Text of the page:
In the rush of running a lively boarding school for boys, it is easy to lose sight of the impact that our work brings to individuals and thereby to the world. When one lives every day with singing jugglers, monastic culture, an ongoing conversation about the highest things, and the constant support of friendship and the sacraments, it is easy to take even these blessings for granted. Every once in a while, however, something happens that brings the effect of our efforts dramatically to the fore—and it is always a humbling experience. Every now and again, I am reminded of the wonderful importance of our work, and often suddenly, through a conversation, a phone call, a reaction from people we meet on our adventures, or, in the case I would like to share with you, a letter.
Dear Mr. Fitzpatrick,
I am a retired accountant, educated in the public schools, 70 years old. I was raised in the Episcopal Church, from which I became estranged many years ago. I have not attended any church service in over 30 years.
I have been receiving your great newsletter, The Minstrel, for a couple of years now. I don’t remember how it first came to me, but it doesn’t really matter. You might ask, as I have asked myself, why a fallen-away 70-year old Protestant would contribute to a Catholic school for boys, 3,000 miles away. I read your newsletter carefully. It inspires me. As nothing else has in more than three decades, it makes me feel closer to God. I greatly admire your mission to turn boys into Godly, strong men. Our country very much needs Godly strong men. I read the letter from your founding Headmaster, Alan Hicks with his description of the elements of education at Gregory the Great, including “…Latin, poetry, music, Classical Logic, Rhetoric, the Great Books, rugby, the direct experience of nature…” That is the description of a classical education, something that is non-existent in the public schools, public universities and even many Catholic universities.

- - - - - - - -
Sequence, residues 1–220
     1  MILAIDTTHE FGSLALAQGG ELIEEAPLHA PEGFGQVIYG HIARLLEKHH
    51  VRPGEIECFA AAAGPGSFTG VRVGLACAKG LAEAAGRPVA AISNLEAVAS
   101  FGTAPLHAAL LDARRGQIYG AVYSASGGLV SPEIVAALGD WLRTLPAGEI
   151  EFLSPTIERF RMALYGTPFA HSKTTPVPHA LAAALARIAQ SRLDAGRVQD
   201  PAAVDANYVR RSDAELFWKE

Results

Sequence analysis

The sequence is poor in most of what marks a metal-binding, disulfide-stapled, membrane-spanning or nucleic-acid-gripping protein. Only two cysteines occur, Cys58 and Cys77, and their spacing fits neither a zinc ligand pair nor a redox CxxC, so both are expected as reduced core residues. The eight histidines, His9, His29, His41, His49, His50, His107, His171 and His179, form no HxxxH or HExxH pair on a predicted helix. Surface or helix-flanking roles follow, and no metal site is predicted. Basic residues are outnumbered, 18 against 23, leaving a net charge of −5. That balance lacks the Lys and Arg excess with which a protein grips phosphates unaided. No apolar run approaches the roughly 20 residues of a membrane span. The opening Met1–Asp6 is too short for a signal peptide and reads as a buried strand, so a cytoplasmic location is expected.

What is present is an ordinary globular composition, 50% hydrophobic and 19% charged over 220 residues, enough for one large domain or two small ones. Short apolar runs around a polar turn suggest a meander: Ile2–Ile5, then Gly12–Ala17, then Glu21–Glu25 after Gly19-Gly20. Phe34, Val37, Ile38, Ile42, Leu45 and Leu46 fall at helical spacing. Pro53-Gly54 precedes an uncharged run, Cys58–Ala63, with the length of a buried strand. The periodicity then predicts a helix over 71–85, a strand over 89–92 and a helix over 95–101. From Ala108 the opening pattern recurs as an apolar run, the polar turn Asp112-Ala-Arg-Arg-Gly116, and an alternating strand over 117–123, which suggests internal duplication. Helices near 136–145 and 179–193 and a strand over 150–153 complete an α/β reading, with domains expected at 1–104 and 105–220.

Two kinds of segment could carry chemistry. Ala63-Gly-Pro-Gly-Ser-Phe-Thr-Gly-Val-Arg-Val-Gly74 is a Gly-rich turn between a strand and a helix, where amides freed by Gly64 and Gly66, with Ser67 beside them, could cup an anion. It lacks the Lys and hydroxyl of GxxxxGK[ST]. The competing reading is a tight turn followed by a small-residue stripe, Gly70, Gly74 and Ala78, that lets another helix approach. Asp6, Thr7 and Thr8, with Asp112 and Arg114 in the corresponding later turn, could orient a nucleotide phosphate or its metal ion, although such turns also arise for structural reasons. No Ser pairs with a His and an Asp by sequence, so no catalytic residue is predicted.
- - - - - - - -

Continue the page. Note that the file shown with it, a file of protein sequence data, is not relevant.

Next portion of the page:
God bless you, your staff and your boys. Keep up the great work!
I received this letter recently from a man I do not know, but who knows us, and reminded me of who we are and what we are doing. I am deeply grateful to him for his acknowledgement, for his encouragement, and for his support—but especially because he told me how we have touched his life. It is a gift, perhaps even a grace.